We decided to buy the SPDR Energy Select Sector ETF (XLE) for three reasons.
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All of these stocks are beaten down and, in our opinion, represent good value.
From a value perspective, we believe the fund’s dividend yield of about 3% and discounted price offer an opportunity for superior total return.
Our second reason for the purchase was the technical condition of both the ETF itself–and the market for crude oil futures.
The XLE broke above its 50-day moving average at $65 per share as of the end of October. After a brief rally, the ETF spent two weeks consolidating its gains, according to my research.
We wanted to purchase the ETF on a pullback to its breakout.
Our belief was that crude oil would soon test its August lows.
If that test were successful, we thought a sharp rally in crude would ensue.
That would rally the energy stocks and push XLE higher.
If the crude test were unsuccessful, it would give us a “stop out” signal to sell the ETF.
Finally, in our opinion, many of the securities held in this ETF were extremely oversold and due for a strong bounce.
Not only were many of these stocks down by double digit year to date declines, but negative sentiment appeared to be reaching a peak.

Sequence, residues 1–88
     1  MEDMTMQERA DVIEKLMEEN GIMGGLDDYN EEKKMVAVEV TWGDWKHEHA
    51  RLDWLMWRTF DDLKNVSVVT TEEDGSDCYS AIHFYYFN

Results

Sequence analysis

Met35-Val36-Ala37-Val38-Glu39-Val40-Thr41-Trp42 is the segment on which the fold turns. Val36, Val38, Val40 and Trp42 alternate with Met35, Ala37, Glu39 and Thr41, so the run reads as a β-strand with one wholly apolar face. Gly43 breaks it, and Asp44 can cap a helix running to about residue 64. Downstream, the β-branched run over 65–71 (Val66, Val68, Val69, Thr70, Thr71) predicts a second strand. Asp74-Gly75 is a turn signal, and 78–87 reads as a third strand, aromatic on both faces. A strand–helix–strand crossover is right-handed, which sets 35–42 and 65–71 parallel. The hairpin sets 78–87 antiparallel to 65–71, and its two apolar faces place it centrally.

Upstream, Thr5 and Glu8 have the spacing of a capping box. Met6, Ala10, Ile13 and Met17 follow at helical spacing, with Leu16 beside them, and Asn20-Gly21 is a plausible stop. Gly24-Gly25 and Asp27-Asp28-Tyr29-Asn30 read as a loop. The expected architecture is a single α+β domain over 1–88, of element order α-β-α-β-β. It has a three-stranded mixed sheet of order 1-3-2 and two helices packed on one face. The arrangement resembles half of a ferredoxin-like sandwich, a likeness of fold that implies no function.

The best sign we were right was the extreme short interest that had built up in these securities.
According to Bespoke Investment Group’s research, the average short interest in the S&P 1500 energy sector was 11.60%.
This phenomenal level is almost twice that of the average S&P 1500 stock.
The only other sector of the S&P 1500 index to have ever reached this extreme was the financial sector.
And that was in 2008.
We believed that with sentiment this one sided these stocks were completely sold out.
Any turn in oil prices would be like shouting fire in a crowded theater.
In summary, we believed this to be one of those rare trades with huge potential upside and a fairly limited downside.
The investment discussed are held in client accounts as of October 31, 2015. This investment may or may not be currently held in client accounts.The reader should not assume that any investments identified were or will be profitable or that any investment recommendations or that investment decisions we make in the future will be profitable.
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